var c = '1234';
d = c + 0;

This would yield '12340' because JavaScript thinks the + means concatenate string, not add.

String methods and properties

So what can we do with strings? Here's a list of automatic JavaScript commands. The concatenation is a special case, but all other commands can be used on any string by doing stringname.command().

Concatenating strings (+)

First of all, you can concatenate strings, sew them together as it were:

document.write(a + b);


Hello world!I am a JavaScript hacker.

But of course you want a space between the two sentences. No problem. By doing

document.write(a + ' ' + b);

we concatenate three strings: a, ' ' (one space) and b and we get

Hello world! I am a JavaScript hacker.

You can even use numbers or calculations, like:

document.write (a + 3*3 + b);

Now we concatenate string a, then the result of 3*3, treated as a string for the occasion, and then b, which gives

Hello world!9I am a JavaScript hacker.

Watch out if you want to add numbers. This

document.write (a + 3+3 + b);

concatenates four strings: a, 3, 3 and b, because + in this context means concatenate strings, not add, and gives

Hello world!33I am a JavaScript hacker.

Use brackets if you want to add 3 and 3 before making the string.

document.write (a + (3+3) + b);

concatenates a, the result of 3+3 and b and gives

Hello world!6I am a JavaScript hacker.


One of the most widely used automatical methods is indexOf. Each character has an index number, giving its position in the string. Note that the first character has index 0, the second one index 1 etc. So the index of 'w' in string a is 6.

Using indexOf we can read out the index number of a character. Put the .indexOf('') behind the string name and put the character you're looking for between the quotes. This

var a = 'Hello world!';

gives 6. If the same character occurs more than once, this method gives the first occurrence. So


gives 4 because that's the index of the first 'o' in the string.

You can also look for a combination of characters (This is of course also a string, but to prevent confusion I won't call it so). indexOf returns the position of the first character of the combination. So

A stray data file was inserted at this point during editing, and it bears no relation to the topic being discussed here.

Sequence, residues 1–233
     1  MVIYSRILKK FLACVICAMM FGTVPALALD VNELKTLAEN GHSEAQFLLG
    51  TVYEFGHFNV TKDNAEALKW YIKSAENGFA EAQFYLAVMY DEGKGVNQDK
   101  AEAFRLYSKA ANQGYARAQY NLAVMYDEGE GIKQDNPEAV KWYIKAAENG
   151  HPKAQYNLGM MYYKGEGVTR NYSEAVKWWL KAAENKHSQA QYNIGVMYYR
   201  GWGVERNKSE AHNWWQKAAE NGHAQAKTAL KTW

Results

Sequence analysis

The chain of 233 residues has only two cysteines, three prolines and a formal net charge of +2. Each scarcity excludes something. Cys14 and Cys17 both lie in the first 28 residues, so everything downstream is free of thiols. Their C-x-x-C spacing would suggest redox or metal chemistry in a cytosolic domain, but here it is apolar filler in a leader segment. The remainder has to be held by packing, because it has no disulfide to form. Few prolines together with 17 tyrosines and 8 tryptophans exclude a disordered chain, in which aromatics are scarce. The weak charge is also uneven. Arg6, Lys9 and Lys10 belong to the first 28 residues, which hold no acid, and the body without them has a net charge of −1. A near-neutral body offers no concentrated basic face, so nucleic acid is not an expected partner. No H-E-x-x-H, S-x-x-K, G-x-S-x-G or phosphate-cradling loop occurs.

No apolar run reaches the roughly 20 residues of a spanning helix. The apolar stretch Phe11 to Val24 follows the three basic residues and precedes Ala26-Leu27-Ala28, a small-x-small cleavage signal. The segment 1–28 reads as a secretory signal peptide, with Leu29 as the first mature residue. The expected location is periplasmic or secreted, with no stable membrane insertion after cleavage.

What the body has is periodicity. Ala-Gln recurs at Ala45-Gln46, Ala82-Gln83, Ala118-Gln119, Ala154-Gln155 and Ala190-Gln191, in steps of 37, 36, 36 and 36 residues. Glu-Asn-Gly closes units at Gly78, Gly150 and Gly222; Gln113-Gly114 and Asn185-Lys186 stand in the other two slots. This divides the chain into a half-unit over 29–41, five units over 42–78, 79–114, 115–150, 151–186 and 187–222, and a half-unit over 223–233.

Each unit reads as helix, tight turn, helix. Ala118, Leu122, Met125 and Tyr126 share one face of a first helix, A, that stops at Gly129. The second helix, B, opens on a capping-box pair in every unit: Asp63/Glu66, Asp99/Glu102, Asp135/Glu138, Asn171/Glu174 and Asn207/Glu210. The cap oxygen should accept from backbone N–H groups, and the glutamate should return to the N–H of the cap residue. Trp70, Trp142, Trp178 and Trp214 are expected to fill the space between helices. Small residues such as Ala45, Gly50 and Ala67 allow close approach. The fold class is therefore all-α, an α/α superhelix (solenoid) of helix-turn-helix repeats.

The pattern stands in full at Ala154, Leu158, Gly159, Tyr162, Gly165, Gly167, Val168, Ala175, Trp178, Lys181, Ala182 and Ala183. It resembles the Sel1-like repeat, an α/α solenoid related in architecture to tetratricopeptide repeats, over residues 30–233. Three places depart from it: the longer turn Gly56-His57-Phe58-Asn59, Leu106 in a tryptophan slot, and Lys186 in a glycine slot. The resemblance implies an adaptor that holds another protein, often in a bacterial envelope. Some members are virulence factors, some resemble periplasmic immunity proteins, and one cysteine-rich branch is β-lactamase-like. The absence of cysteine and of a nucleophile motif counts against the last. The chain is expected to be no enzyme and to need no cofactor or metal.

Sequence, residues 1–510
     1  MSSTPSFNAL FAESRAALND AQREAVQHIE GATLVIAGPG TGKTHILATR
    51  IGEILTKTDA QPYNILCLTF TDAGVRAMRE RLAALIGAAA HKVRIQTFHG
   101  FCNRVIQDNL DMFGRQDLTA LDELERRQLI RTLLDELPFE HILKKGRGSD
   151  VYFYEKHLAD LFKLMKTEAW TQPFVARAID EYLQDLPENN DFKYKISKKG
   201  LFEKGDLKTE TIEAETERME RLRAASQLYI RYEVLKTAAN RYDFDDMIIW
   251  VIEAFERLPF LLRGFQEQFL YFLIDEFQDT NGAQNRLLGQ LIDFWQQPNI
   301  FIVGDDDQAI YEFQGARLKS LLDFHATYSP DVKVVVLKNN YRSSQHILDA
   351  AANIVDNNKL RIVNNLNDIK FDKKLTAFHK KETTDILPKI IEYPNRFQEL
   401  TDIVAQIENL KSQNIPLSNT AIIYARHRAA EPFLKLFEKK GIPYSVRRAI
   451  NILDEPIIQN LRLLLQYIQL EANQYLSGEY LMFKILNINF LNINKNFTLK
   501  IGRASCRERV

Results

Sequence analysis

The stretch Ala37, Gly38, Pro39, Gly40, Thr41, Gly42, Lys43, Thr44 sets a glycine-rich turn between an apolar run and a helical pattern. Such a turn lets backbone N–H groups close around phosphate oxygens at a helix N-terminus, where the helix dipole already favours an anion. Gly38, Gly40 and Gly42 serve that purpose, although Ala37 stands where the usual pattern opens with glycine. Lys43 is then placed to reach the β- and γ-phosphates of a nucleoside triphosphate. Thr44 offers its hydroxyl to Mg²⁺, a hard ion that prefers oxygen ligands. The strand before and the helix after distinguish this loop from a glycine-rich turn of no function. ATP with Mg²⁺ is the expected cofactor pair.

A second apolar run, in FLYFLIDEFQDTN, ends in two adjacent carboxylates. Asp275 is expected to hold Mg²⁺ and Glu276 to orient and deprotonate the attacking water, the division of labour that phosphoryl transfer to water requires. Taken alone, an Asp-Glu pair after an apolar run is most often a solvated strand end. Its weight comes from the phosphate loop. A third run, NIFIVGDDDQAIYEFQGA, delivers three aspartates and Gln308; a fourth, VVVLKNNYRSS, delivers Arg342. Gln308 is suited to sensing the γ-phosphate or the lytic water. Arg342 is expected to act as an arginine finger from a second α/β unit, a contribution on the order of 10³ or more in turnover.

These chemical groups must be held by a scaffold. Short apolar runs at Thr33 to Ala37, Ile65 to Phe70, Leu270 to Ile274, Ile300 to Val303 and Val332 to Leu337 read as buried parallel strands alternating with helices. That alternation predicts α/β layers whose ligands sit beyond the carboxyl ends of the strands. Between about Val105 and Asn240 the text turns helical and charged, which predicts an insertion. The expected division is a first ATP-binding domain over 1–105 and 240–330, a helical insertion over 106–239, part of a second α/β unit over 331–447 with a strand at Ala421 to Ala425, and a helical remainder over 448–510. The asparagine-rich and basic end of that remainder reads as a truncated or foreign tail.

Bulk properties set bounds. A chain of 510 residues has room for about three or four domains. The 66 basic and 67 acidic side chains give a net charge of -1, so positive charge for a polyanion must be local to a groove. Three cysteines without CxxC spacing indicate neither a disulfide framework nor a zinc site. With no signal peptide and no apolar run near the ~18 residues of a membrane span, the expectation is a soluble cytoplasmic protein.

document.write(a.indexOf('o w'))

also gives 4 because that's the index of the 'o'.

Furthermore it's possible to search for a character only after a certain index number. For instance, if you'd do


you get the index number of the first 'o' coming after the character with index 5 (= the space), so it would give 7.

Finally, if the character or combination is not present in the string, indexOf gives -1. This is actually the widest use of indexOf: seeing if a certain combination of characters is present. It's the core of the browser detect script. To see if the browser is Explorer, you take the string navigator.userAgent and see if it contains 'MSIE':

if (navigator.userAgent.indexOf('MSIE') !=-1)
	do something for Explorer

If the index number of 'MSIE' is not -1 (if 'MSIE' occurs anywhere in the string), the browser is Explorer.


There's also lastIndexOf which gives the last occurrence of the character or combination. It otherwise works exactly as indexOf. This

var b = 'I am a JavaScript hacker.'

gives 19 because that's the index of the last 'a' in the string.


charAt() gives you the character at a certain position. For instance, when you do

var b = 'I am a JavaScript hacker.'

gives 'a', because that's the character at the sixth position (remember, first character is 0!).


length gives you the length of a string.

var b = 'I am a JavaScript hacker.'

gives 25. Note that the length is 1 more than the index number of the last character.


split() does not work in Netscape 2 and Explorer 3.

split() is a specialized method that you need sometimes. It allows you to split a string at the places of a certain character. You must put the result in an array, not in a simple variable. Let's split b on the spaces.

var b = 'I am a JavaScript hacker.'
var temp = new Array();
temp = b.split(' ');

Now the string has been split into 5 strings that are placed in the array temp. The spaces themselves are gone.

temp[0] = 'I';
temp[1] = 'am';
temp[2] = 'a';
temp[3] = 'JavaScript';
temp[4] = 'hacker.';


substring is used to take a part of a string. Syntax is substring(first_index,last_index). So for instance

var a = 'Hello world!';

gives 'o wo', from the first 'o' (index 4) to the second one (index 7) Note that the 'r' (index 8) is not part of this substring.

You can also do

var a = 'Hello world!';

This gives the whole string from the character with index 4 on: 'o world!'.


substr() is not supported by Netscape 2 and 3, Explorer 3, Hotjava 3, Opera 3 and WebTV.

There is also a method substr() that works slightly differently. Instead of the second number being an index number, it gives the number of characters. So


starts at the character with index 4 ('o') and then gives 8 characters, so the output is

o world!

Since substr() is not supported by the Version 3 browsers I never use it.

toLowerCase and toUpperCase

Finally two methods that you need sometimes: toLowerCase() puts the whole string in lower case, toUpperCase() puts the whole string in upper case.

var b = 'I am a JavaScript hacker.'